Shanghai minding its business

Connecting China, int'l firms top priority for TV fest

Despite the addition of new categories for Asian TV drama and best animated film, the focus of this year's 13th annual Shanghai Television Festival will remain firmly on dealmaking and establishing connections between Chinese companies and those abroad.

"We focus on facilitating deals between Chinese and foreign companies," STVF vice executive secretary general Tang Lijun said of the event, which kicked off Monday. "There are many foreign buyers, but also many companies from overseas are trying to sell here."

While the Chinese television broadcast market remains limited to foreign players, Tang says it is opening and that the amount of foreign-produced material is on the rise.

This year, the STVF will host 275 film- and television-related companies from 39 countries and regions, and nearly 500 buyers will be in attendance. Nearly 40% of those participants are foreign, Tang said.

"STVF is the most international TV festival in China, and this is reflected in the International TV and Film Market," Tang said. "China's market is quite open to foreign players, as can be seen by the increasing number of foreign companies during the festival."

Although there is a strong Asian and European presence, the Walt Disney Co. was one of just a handful of North American content firms present.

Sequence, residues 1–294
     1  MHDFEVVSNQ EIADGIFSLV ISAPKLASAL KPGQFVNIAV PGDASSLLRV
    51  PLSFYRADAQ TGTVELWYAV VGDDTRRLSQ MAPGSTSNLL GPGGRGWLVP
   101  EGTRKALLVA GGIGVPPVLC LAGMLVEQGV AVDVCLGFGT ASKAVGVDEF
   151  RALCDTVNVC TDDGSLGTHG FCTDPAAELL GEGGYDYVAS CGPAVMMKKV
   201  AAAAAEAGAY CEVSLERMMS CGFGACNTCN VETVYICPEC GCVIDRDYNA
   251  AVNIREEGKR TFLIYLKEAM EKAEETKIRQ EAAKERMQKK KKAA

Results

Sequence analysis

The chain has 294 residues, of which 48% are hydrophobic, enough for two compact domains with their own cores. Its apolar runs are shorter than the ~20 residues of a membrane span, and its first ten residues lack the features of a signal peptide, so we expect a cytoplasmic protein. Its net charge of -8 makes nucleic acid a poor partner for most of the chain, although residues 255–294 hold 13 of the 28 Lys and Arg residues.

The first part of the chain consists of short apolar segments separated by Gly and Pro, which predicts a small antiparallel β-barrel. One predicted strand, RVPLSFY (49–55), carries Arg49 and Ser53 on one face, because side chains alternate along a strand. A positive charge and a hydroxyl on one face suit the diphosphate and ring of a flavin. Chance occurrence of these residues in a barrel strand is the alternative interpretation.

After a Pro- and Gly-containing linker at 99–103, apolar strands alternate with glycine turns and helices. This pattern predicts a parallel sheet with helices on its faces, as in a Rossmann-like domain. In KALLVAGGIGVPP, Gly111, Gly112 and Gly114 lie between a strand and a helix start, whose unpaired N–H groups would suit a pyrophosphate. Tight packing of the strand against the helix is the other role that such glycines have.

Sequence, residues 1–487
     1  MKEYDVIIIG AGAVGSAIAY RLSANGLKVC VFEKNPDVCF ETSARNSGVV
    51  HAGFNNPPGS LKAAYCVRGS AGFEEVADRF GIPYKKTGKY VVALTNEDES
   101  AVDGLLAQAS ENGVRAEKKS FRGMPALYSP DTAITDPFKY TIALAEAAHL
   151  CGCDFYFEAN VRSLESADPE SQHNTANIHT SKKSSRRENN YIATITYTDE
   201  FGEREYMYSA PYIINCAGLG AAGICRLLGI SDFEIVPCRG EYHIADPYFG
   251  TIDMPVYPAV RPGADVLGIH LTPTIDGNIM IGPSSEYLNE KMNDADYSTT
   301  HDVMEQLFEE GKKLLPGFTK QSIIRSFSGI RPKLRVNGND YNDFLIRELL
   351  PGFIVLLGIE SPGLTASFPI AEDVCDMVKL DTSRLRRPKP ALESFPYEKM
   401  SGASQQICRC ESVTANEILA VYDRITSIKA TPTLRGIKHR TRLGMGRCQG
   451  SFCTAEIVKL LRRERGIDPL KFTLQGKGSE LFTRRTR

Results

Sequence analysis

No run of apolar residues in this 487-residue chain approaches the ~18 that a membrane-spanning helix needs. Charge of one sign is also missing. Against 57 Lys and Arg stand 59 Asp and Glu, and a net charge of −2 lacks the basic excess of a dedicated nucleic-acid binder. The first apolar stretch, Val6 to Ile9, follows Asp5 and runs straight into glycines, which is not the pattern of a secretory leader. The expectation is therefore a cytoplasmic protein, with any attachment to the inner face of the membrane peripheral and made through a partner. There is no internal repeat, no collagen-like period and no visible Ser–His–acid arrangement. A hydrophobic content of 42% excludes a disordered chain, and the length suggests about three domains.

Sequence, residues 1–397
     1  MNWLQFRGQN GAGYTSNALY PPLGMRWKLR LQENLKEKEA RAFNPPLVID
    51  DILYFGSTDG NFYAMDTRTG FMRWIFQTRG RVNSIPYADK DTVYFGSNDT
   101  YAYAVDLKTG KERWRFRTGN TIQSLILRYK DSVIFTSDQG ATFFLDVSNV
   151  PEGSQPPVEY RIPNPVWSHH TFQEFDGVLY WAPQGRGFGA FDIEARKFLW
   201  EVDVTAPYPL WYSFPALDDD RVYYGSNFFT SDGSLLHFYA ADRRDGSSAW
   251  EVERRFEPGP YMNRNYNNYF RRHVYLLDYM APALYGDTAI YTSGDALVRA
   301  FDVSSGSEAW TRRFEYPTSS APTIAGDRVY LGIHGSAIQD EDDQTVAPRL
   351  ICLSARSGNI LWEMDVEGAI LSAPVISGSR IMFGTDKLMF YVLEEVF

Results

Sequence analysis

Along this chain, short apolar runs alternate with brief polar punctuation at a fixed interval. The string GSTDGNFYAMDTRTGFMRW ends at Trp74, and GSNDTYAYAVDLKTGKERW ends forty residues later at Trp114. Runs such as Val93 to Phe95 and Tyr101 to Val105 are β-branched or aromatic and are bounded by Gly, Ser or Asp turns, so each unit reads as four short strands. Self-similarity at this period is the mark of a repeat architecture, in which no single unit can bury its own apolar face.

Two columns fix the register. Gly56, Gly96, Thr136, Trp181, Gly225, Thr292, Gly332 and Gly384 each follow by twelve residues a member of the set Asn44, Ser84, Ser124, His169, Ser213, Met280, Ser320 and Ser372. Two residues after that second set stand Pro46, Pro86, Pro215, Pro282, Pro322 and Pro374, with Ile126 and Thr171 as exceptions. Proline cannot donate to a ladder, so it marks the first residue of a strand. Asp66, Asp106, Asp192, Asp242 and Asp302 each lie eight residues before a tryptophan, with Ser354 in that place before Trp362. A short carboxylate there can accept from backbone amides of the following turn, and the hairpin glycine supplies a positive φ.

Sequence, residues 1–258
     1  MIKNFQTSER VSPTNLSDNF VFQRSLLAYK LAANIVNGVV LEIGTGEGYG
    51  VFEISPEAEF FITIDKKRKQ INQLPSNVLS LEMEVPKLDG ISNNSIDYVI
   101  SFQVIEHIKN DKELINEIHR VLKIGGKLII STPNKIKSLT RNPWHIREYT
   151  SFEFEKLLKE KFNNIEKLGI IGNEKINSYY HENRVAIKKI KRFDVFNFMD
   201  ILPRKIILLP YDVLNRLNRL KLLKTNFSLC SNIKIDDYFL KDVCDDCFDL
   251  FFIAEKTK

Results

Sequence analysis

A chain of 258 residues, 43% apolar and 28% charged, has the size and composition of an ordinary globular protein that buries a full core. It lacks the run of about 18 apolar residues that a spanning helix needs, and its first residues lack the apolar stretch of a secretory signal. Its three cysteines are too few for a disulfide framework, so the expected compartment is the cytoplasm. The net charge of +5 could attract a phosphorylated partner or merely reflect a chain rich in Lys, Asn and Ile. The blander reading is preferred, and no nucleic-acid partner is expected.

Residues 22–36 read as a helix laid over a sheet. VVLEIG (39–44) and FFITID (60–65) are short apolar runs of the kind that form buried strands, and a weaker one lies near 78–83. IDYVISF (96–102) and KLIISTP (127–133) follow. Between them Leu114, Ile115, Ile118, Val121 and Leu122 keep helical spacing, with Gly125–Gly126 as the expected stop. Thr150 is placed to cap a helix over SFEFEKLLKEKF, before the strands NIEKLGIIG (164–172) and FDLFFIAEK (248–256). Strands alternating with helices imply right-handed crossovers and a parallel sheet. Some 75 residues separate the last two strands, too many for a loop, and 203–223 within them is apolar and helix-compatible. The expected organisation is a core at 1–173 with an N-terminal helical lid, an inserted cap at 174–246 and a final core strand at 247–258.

With the Beijing Olympics on the horizon in 2008 being followed by Shanghai's 2010 Expo, this year's festival will examine the media's role in these events. There also is an exploration into new media and how it affects traditional broadcasters.

Menachem Rubin, a graphic designer for Israel-based technology firm Orad HiTec Systems, is a participant in the new-media section of the New Media and Broadcasting Equipment Market. Orad has offices in China and is marketing technology to enhance video data graphics by making real-time dynamic graphics that are database driven while most graphics are added in static form, Rubin said. This will have primary applications in the news broadcast industry and the company would like to capitalize on interest around the Beijing Olympics.

"There are many other exhibitors that we can interact with, and there promises to be a large number of visitors to the market," Rubin said. "The festival will be a good opportunity to reach the Chinese market."

The Shanghai Television Festival, a sister event of the Shanghai International Film Festival, runs through Friday.